7. Actually, 'you're welcome' is American. An English person (OK, granted, quite an old English person!) would say 'not at all'.

    ReplyDelete
    Replies
    1. Cheers for that! And somehow even 'no problem' doesn't sound quite so bad in a not-English accent.

      Delete
  8. Hi Terry - yes and 'a raft' of e.g. ideas ... dreadful ... well done on these ... cheers Hilary

    ReplyDelete
    Replies
    1. Haven't heard that one, Hilary - I expect I will keep doing so now!

      Delete
  9. This made me smile :-) I get so many emails starting with...I’m reaching out... and I think we can blame will.i.am for every sentence beginning with So! Or at least he was the first person I heard it say it. And pulled pork...lol.. a trend that will pass...hopefully.

    ReplyDelete
    Replies
    1. Glad to year you're so up on who started these things, Cathy - I bow to your superior 'down with the kids' knowledge!!!!

      I think if I got an email from someone 'reaching out' to me, I'd be extremely rude back. But then you know what I'm like....

      Delete
  10. I wish more people would read this, particularly those who work in offices. Instant messaging is prevalent in mine and I frequently see conversations ended with 'np'. Gah!
    https://www.amazon.co.uk/Oxford-Guide-English-Paperback-Reference/dp/0199669171/ref=sr_1_1?s=books&ie=UTF8&qid=1499609877&sr=1-1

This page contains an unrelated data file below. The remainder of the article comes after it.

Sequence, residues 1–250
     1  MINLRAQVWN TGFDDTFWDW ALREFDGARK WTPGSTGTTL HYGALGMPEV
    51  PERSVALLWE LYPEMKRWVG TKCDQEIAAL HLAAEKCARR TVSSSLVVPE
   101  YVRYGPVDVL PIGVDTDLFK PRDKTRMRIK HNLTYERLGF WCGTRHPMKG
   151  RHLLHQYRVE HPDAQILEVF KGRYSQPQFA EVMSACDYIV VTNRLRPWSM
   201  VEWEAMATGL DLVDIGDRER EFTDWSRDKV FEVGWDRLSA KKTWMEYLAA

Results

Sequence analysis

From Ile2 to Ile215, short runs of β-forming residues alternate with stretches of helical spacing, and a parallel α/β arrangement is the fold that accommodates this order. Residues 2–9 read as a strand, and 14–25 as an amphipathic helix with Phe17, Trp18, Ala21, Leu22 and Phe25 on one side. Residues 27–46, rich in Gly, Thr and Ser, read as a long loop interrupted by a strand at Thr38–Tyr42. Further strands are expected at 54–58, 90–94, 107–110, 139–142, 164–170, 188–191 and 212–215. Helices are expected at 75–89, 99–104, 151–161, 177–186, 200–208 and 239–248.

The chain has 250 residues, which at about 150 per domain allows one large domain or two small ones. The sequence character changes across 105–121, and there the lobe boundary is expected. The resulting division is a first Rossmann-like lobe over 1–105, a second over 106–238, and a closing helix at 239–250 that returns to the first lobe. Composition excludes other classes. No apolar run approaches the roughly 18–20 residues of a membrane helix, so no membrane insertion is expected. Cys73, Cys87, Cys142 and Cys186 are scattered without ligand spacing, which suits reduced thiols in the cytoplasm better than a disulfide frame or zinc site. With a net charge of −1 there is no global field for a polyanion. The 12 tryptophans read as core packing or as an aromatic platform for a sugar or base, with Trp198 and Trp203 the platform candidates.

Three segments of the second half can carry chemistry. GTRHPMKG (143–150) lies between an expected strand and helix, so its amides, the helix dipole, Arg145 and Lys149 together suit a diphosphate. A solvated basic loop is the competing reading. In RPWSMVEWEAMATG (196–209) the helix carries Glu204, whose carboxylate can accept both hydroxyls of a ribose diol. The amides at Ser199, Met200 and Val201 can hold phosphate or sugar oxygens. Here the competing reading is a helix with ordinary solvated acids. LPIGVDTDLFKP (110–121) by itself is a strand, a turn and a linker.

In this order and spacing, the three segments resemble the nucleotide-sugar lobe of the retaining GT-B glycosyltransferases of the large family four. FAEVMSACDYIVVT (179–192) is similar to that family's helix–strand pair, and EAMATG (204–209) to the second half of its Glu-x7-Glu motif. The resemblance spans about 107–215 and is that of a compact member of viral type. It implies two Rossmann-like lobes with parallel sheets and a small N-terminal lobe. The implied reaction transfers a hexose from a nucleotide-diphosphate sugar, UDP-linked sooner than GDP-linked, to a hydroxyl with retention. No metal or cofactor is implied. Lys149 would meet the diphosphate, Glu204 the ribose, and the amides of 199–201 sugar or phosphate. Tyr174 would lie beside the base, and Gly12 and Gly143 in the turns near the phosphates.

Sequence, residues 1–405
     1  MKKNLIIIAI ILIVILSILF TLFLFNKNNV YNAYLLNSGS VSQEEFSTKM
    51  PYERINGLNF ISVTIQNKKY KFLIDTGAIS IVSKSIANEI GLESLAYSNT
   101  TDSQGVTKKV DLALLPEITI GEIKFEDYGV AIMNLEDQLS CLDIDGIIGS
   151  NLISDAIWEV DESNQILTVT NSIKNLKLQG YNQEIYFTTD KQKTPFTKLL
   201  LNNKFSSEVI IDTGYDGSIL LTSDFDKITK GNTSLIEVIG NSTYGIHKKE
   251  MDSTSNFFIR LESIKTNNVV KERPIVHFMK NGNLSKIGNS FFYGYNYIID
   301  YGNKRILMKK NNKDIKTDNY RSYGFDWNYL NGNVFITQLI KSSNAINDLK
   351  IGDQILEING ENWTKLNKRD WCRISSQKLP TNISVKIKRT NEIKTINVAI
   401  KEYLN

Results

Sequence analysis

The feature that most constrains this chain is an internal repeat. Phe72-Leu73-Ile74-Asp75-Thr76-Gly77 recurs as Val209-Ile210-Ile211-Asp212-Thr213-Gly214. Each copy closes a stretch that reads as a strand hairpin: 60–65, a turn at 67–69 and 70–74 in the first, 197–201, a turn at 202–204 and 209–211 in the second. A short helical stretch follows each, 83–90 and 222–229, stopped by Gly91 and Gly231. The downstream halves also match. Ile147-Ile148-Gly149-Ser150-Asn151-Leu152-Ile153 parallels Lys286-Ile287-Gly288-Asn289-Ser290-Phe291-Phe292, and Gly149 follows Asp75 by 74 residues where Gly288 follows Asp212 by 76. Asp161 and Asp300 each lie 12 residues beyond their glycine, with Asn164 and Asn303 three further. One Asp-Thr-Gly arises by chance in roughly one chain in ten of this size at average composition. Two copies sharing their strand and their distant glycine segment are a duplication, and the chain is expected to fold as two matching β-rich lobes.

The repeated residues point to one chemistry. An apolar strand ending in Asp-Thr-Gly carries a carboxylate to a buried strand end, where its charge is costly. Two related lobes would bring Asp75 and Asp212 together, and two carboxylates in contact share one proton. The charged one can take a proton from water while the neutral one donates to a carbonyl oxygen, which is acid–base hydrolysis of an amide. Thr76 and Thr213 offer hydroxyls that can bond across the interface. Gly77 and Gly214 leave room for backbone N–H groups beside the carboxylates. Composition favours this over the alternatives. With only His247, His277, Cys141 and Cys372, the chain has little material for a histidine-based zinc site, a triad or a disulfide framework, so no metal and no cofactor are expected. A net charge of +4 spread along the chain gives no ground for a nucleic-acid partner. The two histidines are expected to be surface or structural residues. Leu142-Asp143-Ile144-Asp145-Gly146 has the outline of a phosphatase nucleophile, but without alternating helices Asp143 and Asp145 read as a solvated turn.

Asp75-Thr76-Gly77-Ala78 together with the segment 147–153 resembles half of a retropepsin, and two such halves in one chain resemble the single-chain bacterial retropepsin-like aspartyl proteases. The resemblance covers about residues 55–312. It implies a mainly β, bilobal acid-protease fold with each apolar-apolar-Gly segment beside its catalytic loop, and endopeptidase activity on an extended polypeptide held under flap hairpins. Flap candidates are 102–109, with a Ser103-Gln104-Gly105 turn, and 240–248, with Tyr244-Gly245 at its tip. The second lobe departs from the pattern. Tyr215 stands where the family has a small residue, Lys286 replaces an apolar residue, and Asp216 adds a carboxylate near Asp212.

ReplyDelete
    Replies
    1. I don't think I could stand that, Saul! I'd make myself really unpopular moaning about it all the time. I am so glad I don't work in an office anymore, especially not with all these trendy young things and their jargon. Argh!

      Delete
  11. Perhaps the word 'content' in 'content writer' has the emphasis on the 2nd syllable, thereby making it rather nice, really!

    ReplyDelete
  12. So, so many things and far too many to recall at a moment's notice but 'bundle' is a collection of twigs and it's all I can think of when I hear the word!


    'Reach out' makes me think of the Four Tops.

    'Pulled pork' brings out the childish side of me...say no more!

    'No problem' I am actually guilty of using, but only when there genuinely isn't a problem.

    An absolute cringer appeared on my timeline this morning. I give you...

    "I bought these Chester drawers from Argos and as you can see I built them and where fine until this past few weeks.

    Is there any way I can fix it? Or do I have to buy a new set of Chester drawers?"

    I cried...




    ReplyDelete